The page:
Monday, March 17, 2008

Stroke of Insight



In this video from this year's Ted Talks, neuroscientist Dr. Jill Bolte Taylor discusses the experience of having an ischemic stroke in the left hemisphere of her brain, and what it taught her about consciousness and the human condition. It's an incredibly moving video, and one of the best TED Talks I've ever seen; that says quite a lot.

4 comments:

Stephen Dedalus said...

That was a great video. I wonder, though, does this fall under Wittgenstein's private language argument Re: sensation S?

Michael said...

I couldn't get the video to play in place, which is lucky for me since I wound up joining TED after chasing it down. My mother had a stroke in 2002. Watching her recover, even in the first few days, was an incredible lesson that the brain is a bunch of functioning black boxes, and more to the point, that it seems none of these individual boxes is "you." The most astonishing and reassuring experience was when my mother first started talking and listening again (day 2). She was having trouble saying what she wanted to say, she paused, and said "I'm aphasic." I cannot express the joy I felt to realize that the light was on, but the door was sticking.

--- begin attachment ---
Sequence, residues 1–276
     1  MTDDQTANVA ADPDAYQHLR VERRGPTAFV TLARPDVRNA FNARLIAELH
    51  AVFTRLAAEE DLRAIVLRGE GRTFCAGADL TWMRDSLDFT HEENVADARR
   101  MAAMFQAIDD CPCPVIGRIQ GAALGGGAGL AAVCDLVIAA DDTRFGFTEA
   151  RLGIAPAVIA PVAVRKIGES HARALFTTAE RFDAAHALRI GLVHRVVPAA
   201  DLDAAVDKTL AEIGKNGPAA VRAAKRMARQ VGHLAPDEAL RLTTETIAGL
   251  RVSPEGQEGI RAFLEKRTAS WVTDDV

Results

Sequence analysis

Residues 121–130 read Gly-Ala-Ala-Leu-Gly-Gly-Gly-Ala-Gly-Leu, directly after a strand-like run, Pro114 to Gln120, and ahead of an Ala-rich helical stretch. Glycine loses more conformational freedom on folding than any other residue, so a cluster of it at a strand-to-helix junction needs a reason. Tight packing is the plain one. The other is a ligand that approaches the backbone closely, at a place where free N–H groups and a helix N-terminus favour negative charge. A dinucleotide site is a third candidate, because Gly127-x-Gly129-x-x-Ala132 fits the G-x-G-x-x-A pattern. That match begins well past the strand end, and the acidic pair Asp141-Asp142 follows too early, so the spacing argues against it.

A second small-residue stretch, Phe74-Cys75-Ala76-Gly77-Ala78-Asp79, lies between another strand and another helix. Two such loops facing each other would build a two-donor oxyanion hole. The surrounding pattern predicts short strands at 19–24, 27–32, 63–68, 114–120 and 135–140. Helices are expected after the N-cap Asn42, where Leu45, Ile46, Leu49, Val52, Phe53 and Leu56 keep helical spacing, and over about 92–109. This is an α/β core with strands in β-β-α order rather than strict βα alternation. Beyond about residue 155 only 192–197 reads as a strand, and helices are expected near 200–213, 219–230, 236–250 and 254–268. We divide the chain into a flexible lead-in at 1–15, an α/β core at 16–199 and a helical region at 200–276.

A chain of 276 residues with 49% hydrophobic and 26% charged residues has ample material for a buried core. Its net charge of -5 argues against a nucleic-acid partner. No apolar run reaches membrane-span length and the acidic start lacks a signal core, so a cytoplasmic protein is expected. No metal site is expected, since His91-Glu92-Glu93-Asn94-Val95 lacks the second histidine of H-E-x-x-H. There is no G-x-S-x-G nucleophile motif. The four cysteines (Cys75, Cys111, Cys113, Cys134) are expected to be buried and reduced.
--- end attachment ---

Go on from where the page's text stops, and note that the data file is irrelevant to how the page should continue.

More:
Jon said...

Stephen - Interesting. If I recall correctly, the "sensation S" part of the private language discussion revolved mostly around the question 'How can I know that I'm accurately remembering what sensation S was like at t1 when I ascribe the same label to a sensation at t2?' That is, how can I be sure each token use of "Sensation S" is representing the same mental state? My glib answer (and this is a blog after all) would be that in Dr. Taylor's case, only the left hemisphere was affected by the stroke, where as "sensational" or "episodic" memories are usually stored in the right hemisphere (the right hippocampus, I think). So, from a strictly neurobiological point of view, it seems that we can trust her recollection of the experience. I suppose it's another question entirely if we can trust her vocalization of that experience, though, as delcarative memory is more associated with the left hippocampus and the left hemisphere in general. Hmmm...

Mike - Glad you're supporting TED! They're really fantastic lectures, and the fact that they make them freely available online is even more fantastic! Interesting about your mother, too (and glad to hear she recovered!). I'm inclined to agree that there's no real part of the brain that's "you," just as there's no part of the brain responsible for consciousness; it's all an emergent property arising from the harmonious working of the whole system, which is why I'm skeptical of the possibility of finding an NCC.

I don't think I've ever heard of anyone self-describing as being aphasic before--almost a contradiction in terms! :)

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